Emily Jacobs, program coordinator for the county's aviation division, says efforts to recruit another airline to Humboldt never stopped and remain ongoing.

"We're always interested in more flights to more destinations," she says. "We've already been in contact and talking with airlines, and will be meeting with some in October."

But for the time being, those going commercially airborne out of Humboldt will do so on United flights to San Francisco. And that has a bit of a potentially reverberating impact, from the airport's grounds crew to Ramone's, which recently opened a cafĂ© there. Jacobs says United is adding another afternoon flight to San Francisco — sporadically this month and then daily in September — which will fortunately help offset the loss of PenAir.

For those holding a PenAir ticket out of Arcata/Eureka, they'll have to make other arrangements — either getting the purchase refunded or trying to channel their itinerary through Crescent City and making the hour-plus drive north. (Ticket holders can call (800) 448-4226 to explore their options.)

PenAir, meanwhile, will continue operations in eight destinations in the Alaska and Boston areas, presumably because they remain profitable, as it enters bankruptcy proceedings and looks to reorganize as a company.

Founded in 1955, PenAir is one of the largest family-owned airlines in the United States, with 700 employees nationwide.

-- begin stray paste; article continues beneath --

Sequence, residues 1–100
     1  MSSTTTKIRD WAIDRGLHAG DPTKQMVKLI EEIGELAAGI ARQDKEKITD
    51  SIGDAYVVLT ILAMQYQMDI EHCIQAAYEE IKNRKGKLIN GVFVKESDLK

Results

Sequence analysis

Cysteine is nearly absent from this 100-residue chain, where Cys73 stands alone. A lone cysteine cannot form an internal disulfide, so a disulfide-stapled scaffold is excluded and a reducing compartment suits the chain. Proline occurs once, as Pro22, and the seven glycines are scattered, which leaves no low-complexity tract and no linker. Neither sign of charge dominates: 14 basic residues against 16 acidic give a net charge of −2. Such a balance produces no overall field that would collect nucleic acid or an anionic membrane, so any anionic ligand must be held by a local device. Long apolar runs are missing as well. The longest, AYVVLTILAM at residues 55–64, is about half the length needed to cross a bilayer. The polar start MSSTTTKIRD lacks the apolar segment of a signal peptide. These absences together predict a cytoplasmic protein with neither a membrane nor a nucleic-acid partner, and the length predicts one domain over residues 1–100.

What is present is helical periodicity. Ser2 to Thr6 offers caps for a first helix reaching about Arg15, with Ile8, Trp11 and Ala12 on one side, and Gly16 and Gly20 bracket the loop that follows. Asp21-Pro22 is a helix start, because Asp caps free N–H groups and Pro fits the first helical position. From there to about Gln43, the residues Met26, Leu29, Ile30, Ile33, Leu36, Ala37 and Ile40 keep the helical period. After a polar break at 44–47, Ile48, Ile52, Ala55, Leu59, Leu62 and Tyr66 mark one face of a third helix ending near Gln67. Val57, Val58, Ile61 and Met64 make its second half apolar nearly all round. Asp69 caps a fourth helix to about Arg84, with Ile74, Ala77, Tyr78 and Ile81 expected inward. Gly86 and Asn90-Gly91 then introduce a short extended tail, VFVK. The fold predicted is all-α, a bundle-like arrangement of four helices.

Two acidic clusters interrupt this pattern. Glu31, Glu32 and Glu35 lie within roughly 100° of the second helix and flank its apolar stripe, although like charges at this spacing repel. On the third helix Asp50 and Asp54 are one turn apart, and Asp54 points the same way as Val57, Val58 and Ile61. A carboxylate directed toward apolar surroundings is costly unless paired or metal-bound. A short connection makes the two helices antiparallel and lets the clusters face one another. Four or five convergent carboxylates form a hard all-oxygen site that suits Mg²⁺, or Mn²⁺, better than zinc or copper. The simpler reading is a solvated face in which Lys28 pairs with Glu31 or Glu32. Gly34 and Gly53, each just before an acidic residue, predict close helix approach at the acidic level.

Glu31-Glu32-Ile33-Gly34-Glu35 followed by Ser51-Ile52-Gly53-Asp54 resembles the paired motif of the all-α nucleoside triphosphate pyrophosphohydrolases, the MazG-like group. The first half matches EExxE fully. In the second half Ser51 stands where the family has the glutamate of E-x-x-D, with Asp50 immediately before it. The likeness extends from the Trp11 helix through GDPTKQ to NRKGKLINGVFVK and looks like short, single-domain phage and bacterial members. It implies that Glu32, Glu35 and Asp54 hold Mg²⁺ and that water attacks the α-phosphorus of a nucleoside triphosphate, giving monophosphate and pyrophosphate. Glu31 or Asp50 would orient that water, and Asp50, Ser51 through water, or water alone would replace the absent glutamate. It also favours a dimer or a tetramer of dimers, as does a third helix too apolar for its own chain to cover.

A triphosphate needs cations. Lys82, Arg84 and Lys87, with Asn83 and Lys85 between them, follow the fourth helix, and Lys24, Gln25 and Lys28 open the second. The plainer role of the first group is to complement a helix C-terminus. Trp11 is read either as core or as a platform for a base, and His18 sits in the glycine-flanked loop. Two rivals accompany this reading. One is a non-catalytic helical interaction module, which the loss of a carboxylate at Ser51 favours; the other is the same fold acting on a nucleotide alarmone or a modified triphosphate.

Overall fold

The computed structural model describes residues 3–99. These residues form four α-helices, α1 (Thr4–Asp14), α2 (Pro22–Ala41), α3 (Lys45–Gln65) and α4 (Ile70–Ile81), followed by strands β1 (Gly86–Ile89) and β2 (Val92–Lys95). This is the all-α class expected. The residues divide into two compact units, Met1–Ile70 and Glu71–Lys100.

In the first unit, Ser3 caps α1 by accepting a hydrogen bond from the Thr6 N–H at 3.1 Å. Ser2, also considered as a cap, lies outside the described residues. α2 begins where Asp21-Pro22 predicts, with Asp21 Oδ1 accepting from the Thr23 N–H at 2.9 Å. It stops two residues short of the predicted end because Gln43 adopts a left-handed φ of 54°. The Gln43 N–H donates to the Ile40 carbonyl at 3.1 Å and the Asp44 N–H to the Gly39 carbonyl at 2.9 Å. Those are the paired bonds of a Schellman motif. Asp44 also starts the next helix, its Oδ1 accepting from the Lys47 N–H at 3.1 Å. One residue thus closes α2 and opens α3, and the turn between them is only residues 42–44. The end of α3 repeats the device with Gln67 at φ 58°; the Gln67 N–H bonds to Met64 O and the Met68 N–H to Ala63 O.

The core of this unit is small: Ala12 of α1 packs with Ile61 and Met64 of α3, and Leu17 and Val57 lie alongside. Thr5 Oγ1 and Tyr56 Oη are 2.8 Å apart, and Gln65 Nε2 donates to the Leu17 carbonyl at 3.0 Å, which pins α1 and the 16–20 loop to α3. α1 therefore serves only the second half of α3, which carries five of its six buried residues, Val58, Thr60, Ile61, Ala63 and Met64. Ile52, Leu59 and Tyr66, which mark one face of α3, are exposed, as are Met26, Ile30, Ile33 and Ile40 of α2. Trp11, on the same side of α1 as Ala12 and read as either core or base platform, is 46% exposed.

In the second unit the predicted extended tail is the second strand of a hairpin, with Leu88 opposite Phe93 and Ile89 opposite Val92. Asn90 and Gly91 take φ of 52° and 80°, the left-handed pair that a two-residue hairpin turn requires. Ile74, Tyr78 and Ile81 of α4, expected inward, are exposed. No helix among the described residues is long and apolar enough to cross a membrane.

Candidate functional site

WASHINGTON, D.C. (KNEP) - The airline providing service between Scottsbluff and Denver won't fight the Western Nebraska Regional Airport Authority's quest for a new essential air carrier.

PenAir filed a notice of termination of service for all subsidized essential air service to and from Scottsbluff with the U.S. Department of Transportation. In the July 28, 2017 filing, PenAir requests that the DOT issue an order "as soon as possible inviting proposals from carriers interested in providing essential air service to/from Scottsbluff", and then to promptly select a new carrier.

WNRA Board members voted earlier in July to petition the U.S. DOT to vacate the order awarding EAS to PenAir and issue a new Request for Proposal. In their letter to DOT officials dated July 12, WNRA officials noted enplanement numbers for PenAir improved only marginally over the previous EAS carrier, on track for about 4,000 for the year. However, airport officials also said through June 2017, 17 percent of flights were cancelled, with a similar percentage delayed more than 30 minutes and a change in schedule that didn't work for WNRA customers.

PenAir has not suffered a similar level of flight cancellations with service provided to either North Platte or Kearney. In June, PenAir officials said a pilot shortage was presenting challenges contributing to the service issues involving the Scottsbluff airport.

PenAir's filing indicated they intended to continue their Scottsbluff service until a replacement service could begin operation.